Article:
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Read about any of today’s current data breaches, and you’ll notice that many of them begin with a malicious email message. Phishing, social engineering, CEO fraud, malicious scripts that download malware, and invoice fraud are all common scams that leverage email messages.

Often, organizations start with cybersecurity training. While training will reduce risk of a compromise from an email, it still leaves your organization open to human error. Even employees familiar with malicious messages can be caught off guard and might fall victim to an email scam or phishing. Instead of relying solely on cybersecurity training, it should be combined with proper email security.

Good email security services stop malicious messages from reaching a targeted user’s inbox, saving them from making a mistake and falling victim to an attack. These services will quarantine messages and let administrators review them before allowing any message to reach its intended recipient. With email security, your organization reduces risk of a data breach from human error.

What Happens When Your Email Does Not Have Cybersecurity?

The latest Verizon Data Breach Investigation Report indicates that 82% of data breaches involve a human element and about 25% of data breaches start with phishing. For small businesses that think they aren’t targets, think again. Small businesses are preferred targets for cyber-criminals, because they know that small businesses do not have the money to invest in sophisticated cybersecurity that could cost hundreds of thousands of dollars.

Approximately one in 99 phishing emails (approximately 1%) are successful. Of the phishing emails sent to businesses, about 65% of them are targeted towards high-privileged users. Spear phishing targets executives, financial departments, accountants, human resources, and other areas of business where attackers know that their victims have access to a large collection of personal data for employees and customers.

Poorly secured email is also a compliance issue. Many of today’s strictest compliant standards require that organizations do what is necessary to protect from common threats including email attacks. A data breach on a poorly secured organization can cost millions in violations and litigation. For some organizations, the brand damage associated with a successful data breach is enough to severely impact revenue, customer loyalty, and business continuity.

Did You Know?


SpamTitan's spam catch rate

11 seconds

a ransomware attack occurs


the average cost to manage spam per person without an email filter


of all email is spam

Does Email Include Any Security?

For as important as email is for many organizations, it’s one of the most poorly secured forms of communication. Snail mail might no longer be a fast form of communication, but it’s more secure than email. Without any security infrastructure, email messages are sent unencrypted over the internet, and they can be intercepted with a properly located attacker. For example, a malicious user on the same network could intercept email messages and read them.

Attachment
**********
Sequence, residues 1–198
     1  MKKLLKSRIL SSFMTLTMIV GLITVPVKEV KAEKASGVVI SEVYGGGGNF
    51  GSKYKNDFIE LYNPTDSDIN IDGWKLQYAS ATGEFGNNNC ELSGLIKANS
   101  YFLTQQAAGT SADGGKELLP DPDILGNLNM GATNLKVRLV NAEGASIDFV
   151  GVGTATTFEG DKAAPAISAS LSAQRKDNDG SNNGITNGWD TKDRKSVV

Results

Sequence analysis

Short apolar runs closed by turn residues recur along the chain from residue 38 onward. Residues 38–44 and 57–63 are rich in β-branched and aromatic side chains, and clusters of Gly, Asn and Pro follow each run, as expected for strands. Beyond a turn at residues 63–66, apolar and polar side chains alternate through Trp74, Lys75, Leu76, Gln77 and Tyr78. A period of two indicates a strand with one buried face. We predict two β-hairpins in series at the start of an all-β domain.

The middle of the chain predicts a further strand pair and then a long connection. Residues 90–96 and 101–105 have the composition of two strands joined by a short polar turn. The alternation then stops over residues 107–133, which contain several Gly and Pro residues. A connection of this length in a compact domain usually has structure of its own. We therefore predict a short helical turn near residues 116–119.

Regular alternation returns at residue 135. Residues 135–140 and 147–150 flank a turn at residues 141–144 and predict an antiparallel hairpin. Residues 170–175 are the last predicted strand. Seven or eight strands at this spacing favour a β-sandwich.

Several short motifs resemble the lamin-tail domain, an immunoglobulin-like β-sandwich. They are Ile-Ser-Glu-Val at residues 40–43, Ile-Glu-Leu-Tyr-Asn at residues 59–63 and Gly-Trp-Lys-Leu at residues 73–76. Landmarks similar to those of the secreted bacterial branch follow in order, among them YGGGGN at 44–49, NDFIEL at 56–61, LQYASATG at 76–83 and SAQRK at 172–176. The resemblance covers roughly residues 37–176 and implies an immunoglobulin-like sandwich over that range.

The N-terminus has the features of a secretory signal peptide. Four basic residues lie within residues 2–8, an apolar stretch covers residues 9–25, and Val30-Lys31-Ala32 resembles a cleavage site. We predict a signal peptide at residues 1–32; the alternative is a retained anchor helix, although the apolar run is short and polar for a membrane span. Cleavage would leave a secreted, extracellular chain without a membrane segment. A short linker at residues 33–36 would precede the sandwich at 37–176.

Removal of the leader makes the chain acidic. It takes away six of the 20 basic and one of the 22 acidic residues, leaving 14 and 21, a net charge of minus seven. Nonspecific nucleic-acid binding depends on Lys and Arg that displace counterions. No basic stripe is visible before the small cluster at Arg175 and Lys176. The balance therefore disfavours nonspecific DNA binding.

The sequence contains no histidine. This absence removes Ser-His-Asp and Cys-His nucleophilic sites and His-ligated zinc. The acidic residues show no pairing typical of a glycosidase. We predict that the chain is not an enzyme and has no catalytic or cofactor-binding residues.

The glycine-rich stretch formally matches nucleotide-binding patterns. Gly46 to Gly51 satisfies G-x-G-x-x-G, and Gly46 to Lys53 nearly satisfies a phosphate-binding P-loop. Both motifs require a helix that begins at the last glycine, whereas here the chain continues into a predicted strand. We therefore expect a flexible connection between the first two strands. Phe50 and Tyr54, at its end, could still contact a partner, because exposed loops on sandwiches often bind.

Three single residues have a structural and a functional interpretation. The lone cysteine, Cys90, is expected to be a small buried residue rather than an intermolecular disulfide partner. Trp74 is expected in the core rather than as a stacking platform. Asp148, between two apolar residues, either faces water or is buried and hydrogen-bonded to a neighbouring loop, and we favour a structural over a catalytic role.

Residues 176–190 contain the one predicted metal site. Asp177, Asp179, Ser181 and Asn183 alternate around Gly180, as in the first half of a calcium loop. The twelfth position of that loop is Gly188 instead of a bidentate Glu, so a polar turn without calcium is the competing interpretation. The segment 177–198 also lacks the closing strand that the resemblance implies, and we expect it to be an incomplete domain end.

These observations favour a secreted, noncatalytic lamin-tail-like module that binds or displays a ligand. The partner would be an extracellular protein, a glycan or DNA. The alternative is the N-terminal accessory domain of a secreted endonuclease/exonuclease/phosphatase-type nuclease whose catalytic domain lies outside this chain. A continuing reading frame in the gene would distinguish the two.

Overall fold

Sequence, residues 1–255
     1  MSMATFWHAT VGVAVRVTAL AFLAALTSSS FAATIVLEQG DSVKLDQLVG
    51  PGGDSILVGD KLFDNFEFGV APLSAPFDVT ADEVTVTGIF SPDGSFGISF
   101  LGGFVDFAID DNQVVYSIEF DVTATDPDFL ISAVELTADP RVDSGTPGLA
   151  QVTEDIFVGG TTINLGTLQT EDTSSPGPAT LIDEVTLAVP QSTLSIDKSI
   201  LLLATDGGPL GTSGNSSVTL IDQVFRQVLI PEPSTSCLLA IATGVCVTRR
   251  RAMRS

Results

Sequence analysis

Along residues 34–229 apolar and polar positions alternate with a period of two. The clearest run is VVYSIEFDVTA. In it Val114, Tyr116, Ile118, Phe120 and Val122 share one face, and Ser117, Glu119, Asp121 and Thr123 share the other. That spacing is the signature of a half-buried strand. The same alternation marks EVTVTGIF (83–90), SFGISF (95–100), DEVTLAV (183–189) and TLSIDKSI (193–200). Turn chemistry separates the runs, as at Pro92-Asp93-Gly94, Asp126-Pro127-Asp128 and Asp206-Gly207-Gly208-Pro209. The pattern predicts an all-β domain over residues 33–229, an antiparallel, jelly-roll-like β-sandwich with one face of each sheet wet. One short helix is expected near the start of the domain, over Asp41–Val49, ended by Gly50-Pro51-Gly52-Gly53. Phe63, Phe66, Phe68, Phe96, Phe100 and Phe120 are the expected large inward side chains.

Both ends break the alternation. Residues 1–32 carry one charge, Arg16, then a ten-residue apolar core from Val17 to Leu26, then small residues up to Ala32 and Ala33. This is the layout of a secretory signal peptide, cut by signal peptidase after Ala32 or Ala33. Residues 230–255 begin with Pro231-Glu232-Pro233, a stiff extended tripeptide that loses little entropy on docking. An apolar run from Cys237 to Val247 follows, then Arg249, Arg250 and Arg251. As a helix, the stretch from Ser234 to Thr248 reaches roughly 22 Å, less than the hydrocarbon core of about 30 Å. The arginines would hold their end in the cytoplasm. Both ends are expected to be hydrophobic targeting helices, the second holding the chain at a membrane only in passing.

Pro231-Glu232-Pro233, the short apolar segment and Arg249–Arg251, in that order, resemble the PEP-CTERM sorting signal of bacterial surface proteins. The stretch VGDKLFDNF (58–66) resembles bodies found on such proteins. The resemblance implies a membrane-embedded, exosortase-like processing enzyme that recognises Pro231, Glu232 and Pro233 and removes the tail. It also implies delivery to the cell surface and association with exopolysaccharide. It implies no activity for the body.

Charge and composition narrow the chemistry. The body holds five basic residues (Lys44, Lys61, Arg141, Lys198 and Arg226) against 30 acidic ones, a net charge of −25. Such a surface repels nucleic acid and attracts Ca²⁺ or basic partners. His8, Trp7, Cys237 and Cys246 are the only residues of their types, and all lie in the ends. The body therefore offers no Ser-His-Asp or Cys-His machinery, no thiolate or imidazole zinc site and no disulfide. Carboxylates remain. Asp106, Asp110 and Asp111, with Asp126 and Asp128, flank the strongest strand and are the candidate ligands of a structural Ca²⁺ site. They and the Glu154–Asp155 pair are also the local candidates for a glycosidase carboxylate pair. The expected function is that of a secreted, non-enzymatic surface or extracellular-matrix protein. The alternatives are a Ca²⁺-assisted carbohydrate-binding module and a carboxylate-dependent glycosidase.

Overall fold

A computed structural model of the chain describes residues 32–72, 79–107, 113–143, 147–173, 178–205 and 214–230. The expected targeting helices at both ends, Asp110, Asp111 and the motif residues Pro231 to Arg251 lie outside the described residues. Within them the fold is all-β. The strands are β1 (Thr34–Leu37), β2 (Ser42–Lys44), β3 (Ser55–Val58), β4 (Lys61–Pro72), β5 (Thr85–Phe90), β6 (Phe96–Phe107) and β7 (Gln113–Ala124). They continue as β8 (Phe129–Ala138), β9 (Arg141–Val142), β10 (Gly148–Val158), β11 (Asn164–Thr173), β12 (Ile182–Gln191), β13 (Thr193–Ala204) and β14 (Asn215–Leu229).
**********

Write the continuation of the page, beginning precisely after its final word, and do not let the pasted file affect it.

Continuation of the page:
Because email is insecure, users should know not to send private information via email systems. As a matter of fact, sending healthcare information over email is a violation of Health Insurance Portability and Accountability Act (HIPAA) regulations. Healthcare and any other sensitive data should never be sent over email, including internally with other employees.

Some public free email services include security. For example, Gmail and Office 365 have security integrated with their services. For individuals, this email security is sufficient for basic attacks. For sophisticated attacks, however, neither of them can handle messages targeting users from a collected list of high-privilege potential victims.

Example Phishing Emails That Bypass Standard Security

One common mistake a small business makes is thinking that services such as Office 365 have sufficient security to protect it from phishing. The false sense of security is what makes phishing attacks so effective against these businesses. While Microsoft Office 365 does a good job defending against simple attacks, a dedicated threat targeting a business can bypass Office 365 defenses.

A common trick is using “email delivery failed” messages and sending them to a targeted victim. The message indicates that the message failed, but the targeted user can click a button to have the message resent. When the user clicks the resend button, the message downloads a malicious script that will install malware on the local machine.

Another common attack uses system alerts. For example, Office 365 provides users with a set amount of storage space for the chosen subscription plan. When users reach their limits, Office 365 sends a message to users to let them know that they will soon reach their storage limitations. Attackers use a copy of this alert to send to potential victims. The email message might contain a malicious script or prompt targeted users to click on a button to update their account or review storage capacity. Users that download a malicious script will have malware installed on their system. If the link sends the user to an attacker-controlled web page, the page will prompt them to enter their Office 365 credentials to access their reports. The page is a phishing page, and entering credentials will send them to an atta